My bathroom flooded. There was a leak in the ceiling, and that leak must have thought I was itching to the “Flashdance” scene. My first instinct was to panic. My second was to tell myself that maybe it’s not so bad. Maybe if I stepped into the bathroom and made my way to the sink, the puddles of doom would prove to be nothing more than a slippery surface. Alas, this was not the case. My third instinct was to flee the problem and leave the building.

Somewhere in between fleeing and realizing that a full psychoanalysis exercise could stem from this experience — self, is your flooded bathroom a metaphor for bigger things? — I inquired to see if the maintenance staff for my building would check out the soon-to-be Olympic pool. They said they were on it, and that a Disaster Team was coming to suck up all the water.

A Disaster Team. Oh my gosh. Would they have capes and matching uniforms? Or would they all have distinct personalities and their own special skills? Would they be fantastic, like the Fantastic Four? Would one be in the absence of clothing, a la The Flesh from Action League Now? Am I one of few with distinct memories of that televised wonder of the 90s?

The fact that a Disaster Team (yes, capitalized) had to come to save my bathroom only confirmed that my first instinct of panic was absolutely correct. This was, in fact, a Disaster.

The Disaster was not that a Team had to come swoop in and save the day and de-flood my bathroom, but that in the absence of a Team or a maintenance man to fix my plumbing, I wouldn’t have known what to do. Throw down some towels, maybe, but I wouldn’t have had the sanity to even stick a bucket under the leak.

I suppose if I were to be given a Really Big Disaster — one that involves more than treks through puddles of doom and my bath mat getting soaked — I would have had to come to my own devices and figure out what to do. I have enough common sense for that. But when faced with a Disaster like this one, a small household Disaster, I had to realize that the real Disaster was my lack of some normal household skills that I really should pick up before graduating.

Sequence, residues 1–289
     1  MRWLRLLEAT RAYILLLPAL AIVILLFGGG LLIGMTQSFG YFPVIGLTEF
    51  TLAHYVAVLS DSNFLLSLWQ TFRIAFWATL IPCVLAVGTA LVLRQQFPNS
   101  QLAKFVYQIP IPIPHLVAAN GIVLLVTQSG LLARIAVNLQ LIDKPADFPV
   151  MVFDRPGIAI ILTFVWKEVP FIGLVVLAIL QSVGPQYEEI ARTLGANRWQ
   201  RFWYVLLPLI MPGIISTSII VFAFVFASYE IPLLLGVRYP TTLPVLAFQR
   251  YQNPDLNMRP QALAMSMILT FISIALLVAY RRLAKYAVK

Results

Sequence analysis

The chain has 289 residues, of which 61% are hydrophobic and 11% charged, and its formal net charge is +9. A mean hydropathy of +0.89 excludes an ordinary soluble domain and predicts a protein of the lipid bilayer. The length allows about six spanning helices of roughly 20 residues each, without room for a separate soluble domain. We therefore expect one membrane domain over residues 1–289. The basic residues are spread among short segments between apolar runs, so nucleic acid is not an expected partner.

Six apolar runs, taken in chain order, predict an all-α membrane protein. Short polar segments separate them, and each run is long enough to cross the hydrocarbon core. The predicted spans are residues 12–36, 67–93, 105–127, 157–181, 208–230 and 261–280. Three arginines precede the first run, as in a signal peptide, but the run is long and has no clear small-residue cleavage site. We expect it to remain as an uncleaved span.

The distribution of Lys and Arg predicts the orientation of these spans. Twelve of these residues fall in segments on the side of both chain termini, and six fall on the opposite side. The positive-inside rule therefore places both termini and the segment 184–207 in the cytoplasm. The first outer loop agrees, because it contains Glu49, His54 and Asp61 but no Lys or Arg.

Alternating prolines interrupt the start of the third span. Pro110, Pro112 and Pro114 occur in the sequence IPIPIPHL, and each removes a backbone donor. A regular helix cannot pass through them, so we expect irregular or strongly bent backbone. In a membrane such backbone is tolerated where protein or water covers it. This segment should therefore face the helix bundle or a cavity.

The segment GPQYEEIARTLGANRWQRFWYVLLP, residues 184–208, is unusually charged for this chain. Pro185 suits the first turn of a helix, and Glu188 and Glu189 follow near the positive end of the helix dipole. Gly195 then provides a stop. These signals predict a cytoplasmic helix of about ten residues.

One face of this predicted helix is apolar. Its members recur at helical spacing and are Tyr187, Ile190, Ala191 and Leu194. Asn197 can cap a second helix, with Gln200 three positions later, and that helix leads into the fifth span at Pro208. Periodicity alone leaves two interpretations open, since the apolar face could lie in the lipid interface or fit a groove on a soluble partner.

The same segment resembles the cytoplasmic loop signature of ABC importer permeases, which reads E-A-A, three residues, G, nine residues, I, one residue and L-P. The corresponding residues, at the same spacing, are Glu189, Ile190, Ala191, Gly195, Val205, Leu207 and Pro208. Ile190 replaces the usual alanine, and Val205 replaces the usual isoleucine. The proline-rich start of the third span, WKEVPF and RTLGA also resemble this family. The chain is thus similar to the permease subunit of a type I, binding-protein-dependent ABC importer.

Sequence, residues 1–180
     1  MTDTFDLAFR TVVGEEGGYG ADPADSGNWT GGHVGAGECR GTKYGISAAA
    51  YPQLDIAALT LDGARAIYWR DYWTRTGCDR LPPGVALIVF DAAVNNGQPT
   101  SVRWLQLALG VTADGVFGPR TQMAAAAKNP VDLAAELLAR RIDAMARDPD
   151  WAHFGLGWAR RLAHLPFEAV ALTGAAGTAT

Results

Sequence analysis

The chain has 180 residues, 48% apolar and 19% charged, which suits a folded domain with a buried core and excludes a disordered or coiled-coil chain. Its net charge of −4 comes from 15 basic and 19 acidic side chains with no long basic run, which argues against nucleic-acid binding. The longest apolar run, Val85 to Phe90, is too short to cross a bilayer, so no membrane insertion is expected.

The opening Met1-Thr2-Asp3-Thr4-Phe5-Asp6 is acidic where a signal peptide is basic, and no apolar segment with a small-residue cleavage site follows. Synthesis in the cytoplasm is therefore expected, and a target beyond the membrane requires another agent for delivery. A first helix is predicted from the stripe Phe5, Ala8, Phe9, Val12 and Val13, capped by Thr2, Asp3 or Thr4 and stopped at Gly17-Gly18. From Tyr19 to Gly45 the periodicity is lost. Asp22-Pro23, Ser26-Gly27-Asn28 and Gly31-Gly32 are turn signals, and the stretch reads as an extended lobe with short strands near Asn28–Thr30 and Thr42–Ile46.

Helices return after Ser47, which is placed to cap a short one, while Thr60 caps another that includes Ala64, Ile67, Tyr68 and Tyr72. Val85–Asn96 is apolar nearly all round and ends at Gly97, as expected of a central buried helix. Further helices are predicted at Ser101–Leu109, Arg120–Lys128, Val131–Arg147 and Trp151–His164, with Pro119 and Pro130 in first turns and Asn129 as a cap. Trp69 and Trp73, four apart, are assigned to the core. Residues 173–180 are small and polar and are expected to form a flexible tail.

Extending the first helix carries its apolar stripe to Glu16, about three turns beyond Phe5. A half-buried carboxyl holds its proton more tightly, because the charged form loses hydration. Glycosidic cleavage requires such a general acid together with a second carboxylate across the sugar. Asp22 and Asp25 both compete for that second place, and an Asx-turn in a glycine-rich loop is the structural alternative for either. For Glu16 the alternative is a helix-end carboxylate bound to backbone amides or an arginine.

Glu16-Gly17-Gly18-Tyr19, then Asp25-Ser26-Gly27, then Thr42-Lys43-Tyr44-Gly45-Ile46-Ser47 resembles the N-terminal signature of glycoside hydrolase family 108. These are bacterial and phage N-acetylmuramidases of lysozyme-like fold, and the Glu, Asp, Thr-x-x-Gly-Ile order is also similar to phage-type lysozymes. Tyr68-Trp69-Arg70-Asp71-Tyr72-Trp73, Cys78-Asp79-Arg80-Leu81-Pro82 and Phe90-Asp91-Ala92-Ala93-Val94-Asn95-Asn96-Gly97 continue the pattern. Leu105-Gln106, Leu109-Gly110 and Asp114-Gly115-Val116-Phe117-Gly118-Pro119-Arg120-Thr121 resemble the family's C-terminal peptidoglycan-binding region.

The lightbulb went on for a number of things I realized I have to learn in the next few months. I do not aspire to be a housewife, but I do aspire to live on my own. I would rather not have to call a Disaster Team for a minor flood, a small kitchen fire, one single cockroach. Granted, a leak in my ceiling requires more skills than I could possibly master, as I know little about plumbing systems and hydraulics, not to mention standing on a chair to barely reach my ceiling. But I would prefer to graduate college, knowing how to distinguish a Disaster from a problem.

If I, and all of us, can leave college with ample skills to live on our own (which is, in part, the purpose of going away to college), then we’re in a way better position. The even better position would be the ability to look at a problem and assess its gravity. In fact, it’s probably one of the most important things to acquire before sauntering off into that thing I keep referencing this year — that thing called Real Life.

And while I would like a team (preferably the stop motion figurines from Action League Now) to swoop in and save the day as I enter Real Life, I know that Real Life is far from a Disaster. If I’m not prepared for it, then, sure, maybe it will be. But as bathroom floods make for wonderful analytical metaphors — I don’t quite think it will be.